Prerequisite to the conviction of defendant as an accessory before the fact, it was incumbent upon the State in this case to satisfy the jury from the evidence beyond a reasonable doubt that Raymond Epley murdered Marshall Adam Benton. There was plenary evidence from which the jury could so find. However, the court's instructions were deficient. They imply or assume "the crime" was committed when defendant "was not present" and that "the crime was committed" by Raymond Epley. There were no instructions as to the elements of the crime of murder. Nor were there instructions purporting to apply the law relating to murder to the facts in evidence. There should have been, but was not, an instruction to the effect that, in order to justify the conviction of defendant as an accessory before the fact, the State was required in this case to satisfy the jury from the evidence beyond a reasonable doubt that Raymond Epley murdered Marshall Adam Benton. Compare State v. Jackson, 270 N.C. 773, 155 S.E.2d 236, where, in the separate trial of the defendant as a principal in the second degree to armed robbery, it was held incumbent upon the State to establish beyond a reasonable doubt by evidence in that separate trial the guilt of those referred to as principals in the first degree.
The court may have considered that the testimony of Raymond Epley and the proffer of stipulations by defendant's counsel rendered unnecessary the instructions we hold should have been given. Raymond Epley testified, and defendant's counsel proffered a stipulation, to the effect that Raymond Epley had been indicted for the murder of Marshall Adam Benton on November 27, 1967; that, at May 12, 1968 Session, he had tendered, and the State had accepted, a plea of guilty of murder in the second degree; and that, based on said plea, he had been sentenced to imprisonment for a term of not less than twenty nor more than thirty years. Too, defendant's counsel, incident to their objections to the introduction of photographs of the deceased, proffered stipulations (1) "that the deceased died as a result of a gunshot wound from the bullet that (had) been introduced as State Exhibit (1)," and (2) that Raymond Epley "did kill Marshall Benton, which death resulted from a gunshot wound that occurred on November 27, 1967." Assuming, without deciding, that defendant's counsel, without defendant's full understanding and express approval, had authority to stipulate facts of which neither they nor their client had personal knowledge, that is, that Raymond Epley did kill Marshall Adam Benton, the proffered stipulations fall short of a judicial admission that Raymond Epley murdered Marshall Adam Benton.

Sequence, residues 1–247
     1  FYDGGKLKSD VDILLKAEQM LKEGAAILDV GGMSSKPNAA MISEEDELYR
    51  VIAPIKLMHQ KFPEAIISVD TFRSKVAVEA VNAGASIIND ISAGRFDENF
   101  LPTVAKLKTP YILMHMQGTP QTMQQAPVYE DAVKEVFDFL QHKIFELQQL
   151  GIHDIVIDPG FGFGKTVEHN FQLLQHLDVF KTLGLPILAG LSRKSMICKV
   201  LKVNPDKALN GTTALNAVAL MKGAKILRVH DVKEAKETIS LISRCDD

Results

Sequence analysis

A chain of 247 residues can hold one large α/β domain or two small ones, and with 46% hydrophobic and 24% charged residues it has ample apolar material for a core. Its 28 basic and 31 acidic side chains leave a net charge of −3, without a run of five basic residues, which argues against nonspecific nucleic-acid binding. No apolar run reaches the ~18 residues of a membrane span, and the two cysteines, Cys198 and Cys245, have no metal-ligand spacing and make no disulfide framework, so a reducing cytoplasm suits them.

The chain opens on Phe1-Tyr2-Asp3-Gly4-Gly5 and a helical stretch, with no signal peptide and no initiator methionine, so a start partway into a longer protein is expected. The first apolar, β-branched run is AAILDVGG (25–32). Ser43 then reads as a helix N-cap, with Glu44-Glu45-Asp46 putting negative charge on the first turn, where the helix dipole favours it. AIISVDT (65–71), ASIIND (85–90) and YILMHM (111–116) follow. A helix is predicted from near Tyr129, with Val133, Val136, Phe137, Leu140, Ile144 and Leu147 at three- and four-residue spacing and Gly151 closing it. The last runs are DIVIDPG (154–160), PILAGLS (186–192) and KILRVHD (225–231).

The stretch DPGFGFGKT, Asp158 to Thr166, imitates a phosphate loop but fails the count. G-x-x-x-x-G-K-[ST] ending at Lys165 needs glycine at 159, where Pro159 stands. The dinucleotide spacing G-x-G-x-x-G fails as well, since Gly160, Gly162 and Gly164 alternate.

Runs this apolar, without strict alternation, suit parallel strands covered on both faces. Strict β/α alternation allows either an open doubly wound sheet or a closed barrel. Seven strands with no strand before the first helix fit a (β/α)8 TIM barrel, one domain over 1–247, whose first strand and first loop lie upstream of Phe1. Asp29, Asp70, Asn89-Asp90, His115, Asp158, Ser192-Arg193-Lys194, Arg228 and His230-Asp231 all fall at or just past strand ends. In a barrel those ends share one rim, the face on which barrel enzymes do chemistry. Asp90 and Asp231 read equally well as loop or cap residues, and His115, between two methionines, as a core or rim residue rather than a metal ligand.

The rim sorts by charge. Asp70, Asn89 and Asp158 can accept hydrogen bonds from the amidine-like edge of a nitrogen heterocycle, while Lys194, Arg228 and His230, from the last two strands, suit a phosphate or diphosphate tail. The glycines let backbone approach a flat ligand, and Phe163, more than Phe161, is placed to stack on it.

It is noteworthy that, although G.S. § 14-17 provides that a person who is convicted or pleads guilty to murder in the second degree "shall be punished with imprisonment of not less than two nor more than thirty years in the State's Prison," G.S. § 14-6 provides that a person who is convicted as an accessory before the fact of the crime of murder, whether first degree or second degree, "shall be imprisoned for life in the State's Prison." See State v. Mozingo, 207 N.C. 247, 176 S.E. 582.
Although we have discussed a deficiency in the charge, decision on this appeal is that, for the reasons set forth in the first portion of this opinion, the judgment of the court below must be and is hereby arrested.